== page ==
EU Set to Legislate on Terror Content

The European Commission to force social networks to take down the terror content within an hour, in light of the apparent failure of self-regulation.

Security commissioner, Julian King, told the FT on Sunday that he had “not seen enough progress” from the likes of Facebook, Google and Twitter on that issues guidelines that were tightened back in the March.

“We cannot afford to relax or become complacent in the face of such a shadowy and destructive phenomenon,” he claimed.

Earlier, the Commission promised to review the guidelines in just three months and draw up the legislation if it felt self-regulation wasn’t working.

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This part of the challenge that appears to be the lack of consistency in how much material is handed depending on the content platform that is involved.

“The difference in size and resources means platform have differing capabilities to act against the terrorist content and their policies for doing so are not always transparent,” said King. “All this leads to such a content continuing to proliferate across the internet, reappearing once deleted and spreading from platform to platform.”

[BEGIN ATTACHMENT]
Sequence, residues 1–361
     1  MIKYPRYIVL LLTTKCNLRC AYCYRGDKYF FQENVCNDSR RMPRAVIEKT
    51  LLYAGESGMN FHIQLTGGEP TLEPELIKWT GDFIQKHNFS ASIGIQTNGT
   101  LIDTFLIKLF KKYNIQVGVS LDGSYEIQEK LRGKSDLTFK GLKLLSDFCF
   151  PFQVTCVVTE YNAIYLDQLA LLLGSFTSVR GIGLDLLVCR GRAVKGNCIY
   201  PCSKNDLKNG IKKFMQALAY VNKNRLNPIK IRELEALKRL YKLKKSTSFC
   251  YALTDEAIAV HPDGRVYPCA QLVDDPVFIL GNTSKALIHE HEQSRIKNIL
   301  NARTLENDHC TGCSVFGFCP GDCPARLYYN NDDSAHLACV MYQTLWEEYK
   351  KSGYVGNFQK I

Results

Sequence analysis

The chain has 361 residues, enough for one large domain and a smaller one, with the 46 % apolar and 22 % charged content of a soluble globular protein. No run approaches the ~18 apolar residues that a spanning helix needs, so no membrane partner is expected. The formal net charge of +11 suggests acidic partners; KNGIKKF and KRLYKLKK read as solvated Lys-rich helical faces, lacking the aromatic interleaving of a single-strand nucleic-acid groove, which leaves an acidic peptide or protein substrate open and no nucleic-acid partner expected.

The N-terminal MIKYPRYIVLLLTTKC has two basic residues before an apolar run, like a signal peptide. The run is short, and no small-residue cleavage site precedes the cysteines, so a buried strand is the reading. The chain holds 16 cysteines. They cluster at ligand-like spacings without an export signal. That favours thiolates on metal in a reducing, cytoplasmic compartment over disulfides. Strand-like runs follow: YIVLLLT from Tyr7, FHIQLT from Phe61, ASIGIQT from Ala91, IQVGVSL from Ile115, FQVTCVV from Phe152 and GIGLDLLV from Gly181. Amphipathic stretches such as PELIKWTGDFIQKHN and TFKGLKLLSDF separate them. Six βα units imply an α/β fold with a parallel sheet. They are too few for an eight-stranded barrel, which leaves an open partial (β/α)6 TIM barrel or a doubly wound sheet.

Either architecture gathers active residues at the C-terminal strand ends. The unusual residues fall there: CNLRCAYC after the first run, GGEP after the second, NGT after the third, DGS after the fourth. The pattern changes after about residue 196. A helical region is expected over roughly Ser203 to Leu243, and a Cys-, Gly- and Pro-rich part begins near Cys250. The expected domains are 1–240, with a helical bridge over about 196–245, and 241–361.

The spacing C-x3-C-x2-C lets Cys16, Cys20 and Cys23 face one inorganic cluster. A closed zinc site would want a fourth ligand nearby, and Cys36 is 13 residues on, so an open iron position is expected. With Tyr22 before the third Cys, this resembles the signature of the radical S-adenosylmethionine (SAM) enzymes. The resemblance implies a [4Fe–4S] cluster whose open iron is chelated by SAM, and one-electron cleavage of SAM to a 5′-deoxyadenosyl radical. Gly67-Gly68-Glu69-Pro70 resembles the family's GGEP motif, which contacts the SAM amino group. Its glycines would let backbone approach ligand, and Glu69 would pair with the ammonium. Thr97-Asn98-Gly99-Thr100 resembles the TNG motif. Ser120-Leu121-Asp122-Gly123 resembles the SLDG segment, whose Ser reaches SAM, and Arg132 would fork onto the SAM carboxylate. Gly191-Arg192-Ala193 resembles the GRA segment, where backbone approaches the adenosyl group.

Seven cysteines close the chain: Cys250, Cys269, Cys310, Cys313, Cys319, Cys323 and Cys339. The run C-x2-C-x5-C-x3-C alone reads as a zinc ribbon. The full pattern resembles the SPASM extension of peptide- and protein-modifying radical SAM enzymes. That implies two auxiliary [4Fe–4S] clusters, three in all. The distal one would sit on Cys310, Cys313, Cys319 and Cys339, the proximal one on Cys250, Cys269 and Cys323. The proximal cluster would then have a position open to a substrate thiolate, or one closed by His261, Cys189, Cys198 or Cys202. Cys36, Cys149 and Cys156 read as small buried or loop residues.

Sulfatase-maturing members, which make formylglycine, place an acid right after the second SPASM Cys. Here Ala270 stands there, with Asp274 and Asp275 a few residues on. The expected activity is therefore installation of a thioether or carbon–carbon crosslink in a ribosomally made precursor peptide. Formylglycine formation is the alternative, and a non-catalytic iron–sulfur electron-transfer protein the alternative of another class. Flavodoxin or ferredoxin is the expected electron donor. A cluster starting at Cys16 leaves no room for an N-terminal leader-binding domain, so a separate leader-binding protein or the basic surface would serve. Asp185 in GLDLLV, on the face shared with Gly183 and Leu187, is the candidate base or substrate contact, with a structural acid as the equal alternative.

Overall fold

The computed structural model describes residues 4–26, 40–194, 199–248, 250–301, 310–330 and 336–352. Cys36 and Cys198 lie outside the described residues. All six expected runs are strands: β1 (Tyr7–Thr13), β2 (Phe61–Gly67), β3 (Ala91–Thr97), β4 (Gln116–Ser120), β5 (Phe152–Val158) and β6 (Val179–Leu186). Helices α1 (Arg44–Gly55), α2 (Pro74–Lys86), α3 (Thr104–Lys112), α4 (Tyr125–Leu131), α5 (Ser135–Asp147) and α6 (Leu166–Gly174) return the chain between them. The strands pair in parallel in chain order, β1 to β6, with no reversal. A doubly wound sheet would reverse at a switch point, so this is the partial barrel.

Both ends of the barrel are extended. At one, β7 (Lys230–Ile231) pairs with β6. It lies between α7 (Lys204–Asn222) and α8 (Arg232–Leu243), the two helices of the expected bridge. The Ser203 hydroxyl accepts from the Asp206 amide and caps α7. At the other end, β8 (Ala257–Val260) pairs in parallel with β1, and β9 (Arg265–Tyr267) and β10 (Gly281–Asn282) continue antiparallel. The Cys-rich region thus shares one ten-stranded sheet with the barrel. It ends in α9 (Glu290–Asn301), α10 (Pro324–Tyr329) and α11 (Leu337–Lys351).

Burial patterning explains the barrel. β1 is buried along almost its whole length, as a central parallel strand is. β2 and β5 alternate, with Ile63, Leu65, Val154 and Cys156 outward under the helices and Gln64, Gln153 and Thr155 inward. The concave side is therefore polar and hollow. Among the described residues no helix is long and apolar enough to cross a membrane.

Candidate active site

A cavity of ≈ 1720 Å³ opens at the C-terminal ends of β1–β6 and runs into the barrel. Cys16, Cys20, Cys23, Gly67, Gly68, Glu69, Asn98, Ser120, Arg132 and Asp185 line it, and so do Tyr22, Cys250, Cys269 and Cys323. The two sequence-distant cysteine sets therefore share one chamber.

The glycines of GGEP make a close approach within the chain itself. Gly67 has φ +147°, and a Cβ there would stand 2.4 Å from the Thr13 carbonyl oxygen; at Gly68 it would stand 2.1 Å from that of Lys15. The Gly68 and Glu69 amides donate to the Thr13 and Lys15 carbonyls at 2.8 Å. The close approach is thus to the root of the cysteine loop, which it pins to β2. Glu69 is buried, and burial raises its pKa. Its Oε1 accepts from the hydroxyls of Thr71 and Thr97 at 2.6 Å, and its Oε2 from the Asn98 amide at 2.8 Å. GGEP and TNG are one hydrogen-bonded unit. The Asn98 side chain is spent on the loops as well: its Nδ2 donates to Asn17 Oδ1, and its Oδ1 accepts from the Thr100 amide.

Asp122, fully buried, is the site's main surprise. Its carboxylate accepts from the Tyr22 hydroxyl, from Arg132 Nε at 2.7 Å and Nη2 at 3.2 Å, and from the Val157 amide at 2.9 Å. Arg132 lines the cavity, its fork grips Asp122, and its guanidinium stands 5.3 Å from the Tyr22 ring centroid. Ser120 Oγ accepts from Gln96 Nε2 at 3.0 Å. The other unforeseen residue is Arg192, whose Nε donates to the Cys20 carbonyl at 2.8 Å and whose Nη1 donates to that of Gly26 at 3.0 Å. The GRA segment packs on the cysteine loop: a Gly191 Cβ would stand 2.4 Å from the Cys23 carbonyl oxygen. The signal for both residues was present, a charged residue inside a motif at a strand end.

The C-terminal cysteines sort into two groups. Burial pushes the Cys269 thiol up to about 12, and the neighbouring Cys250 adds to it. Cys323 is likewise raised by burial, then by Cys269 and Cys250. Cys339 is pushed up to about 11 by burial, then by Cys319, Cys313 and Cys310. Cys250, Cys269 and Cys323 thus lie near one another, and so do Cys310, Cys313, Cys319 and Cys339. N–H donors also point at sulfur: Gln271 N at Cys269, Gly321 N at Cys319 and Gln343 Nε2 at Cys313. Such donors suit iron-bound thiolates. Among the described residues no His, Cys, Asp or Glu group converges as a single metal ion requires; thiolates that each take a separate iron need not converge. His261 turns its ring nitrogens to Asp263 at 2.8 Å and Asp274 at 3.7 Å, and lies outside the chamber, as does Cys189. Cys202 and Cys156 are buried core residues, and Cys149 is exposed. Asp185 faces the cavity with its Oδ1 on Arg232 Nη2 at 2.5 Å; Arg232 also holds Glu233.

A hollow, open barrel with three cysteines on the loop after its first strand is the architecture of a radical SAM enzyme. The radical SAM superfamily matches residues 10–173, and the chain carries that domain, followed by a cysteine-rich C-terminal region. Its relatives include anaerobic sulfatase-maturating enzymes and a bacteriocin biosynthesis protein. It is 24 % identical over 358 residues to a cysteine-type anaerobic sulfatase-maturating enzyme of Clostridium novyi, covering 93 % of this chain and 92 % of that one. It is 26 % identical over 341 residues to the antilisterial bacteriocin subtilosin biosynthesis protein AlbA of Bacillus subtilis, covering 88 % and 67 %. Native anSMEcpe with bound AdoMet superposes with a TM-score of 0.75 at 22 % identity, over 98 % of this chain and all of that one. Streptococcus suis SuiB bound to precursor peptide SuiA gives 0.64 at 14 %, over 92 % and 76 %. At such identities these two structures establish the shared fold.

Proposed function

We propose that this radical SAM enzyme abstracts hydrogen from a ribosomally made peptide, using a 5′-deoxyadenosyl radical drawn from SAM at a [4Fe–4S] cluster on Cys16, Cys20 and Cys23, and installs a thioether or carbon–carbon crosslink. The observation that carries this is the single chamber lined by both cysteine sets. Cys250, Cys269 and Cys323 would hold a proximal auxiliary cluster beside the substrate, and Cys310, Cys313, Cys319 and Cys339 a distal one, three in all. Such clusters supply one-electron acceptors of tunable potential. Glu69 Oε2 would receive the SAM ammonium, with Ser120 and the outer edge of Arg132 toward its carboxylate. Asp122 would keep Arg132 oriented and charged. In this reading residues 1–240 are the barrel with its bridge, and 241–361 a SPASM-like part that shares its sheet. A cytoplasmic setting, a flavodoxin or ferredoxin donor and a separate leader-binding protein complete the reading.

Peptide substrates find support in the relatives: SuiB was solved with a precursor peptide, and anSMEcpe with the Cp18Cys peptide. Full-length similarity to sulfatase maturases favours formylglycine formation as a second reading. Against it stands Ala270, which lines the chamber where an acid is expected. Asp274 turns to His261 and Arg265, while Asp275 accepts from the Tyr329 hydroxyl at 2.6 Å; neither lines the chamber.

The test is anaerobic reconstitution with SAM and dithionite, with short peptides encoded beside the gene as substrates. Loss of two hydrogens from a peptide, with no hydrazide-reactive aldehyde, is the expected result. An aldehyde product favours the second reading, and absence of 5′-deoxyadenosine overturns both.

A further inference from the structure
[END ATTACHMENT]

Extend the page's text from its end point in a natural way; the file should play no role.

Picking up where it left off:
However, the report claimed that even inside the commission, there are few who believe that self-regulation has actually been very successful.

Google has claimed that 90% of the terror content is automatically flagged and removed from its popular platform YOUTUBE with over half of their videos garnering fewer than 10 views.

Facebook has also claimed that 1.9 million pieces of content that promotes ISIS and Al-Qaeda were detected in just first quarter of 2018.

Germany has already passed a hate speech law which mandates social network take down “obviously illegal” content, which do includes the fake news, terror posts and racist material, within an hour or risk a €50m fine.

The European Commission proposals reportedly being drafted that would of course need to pass the European Parliament and gain the success approval from the majority of the member states to become law.

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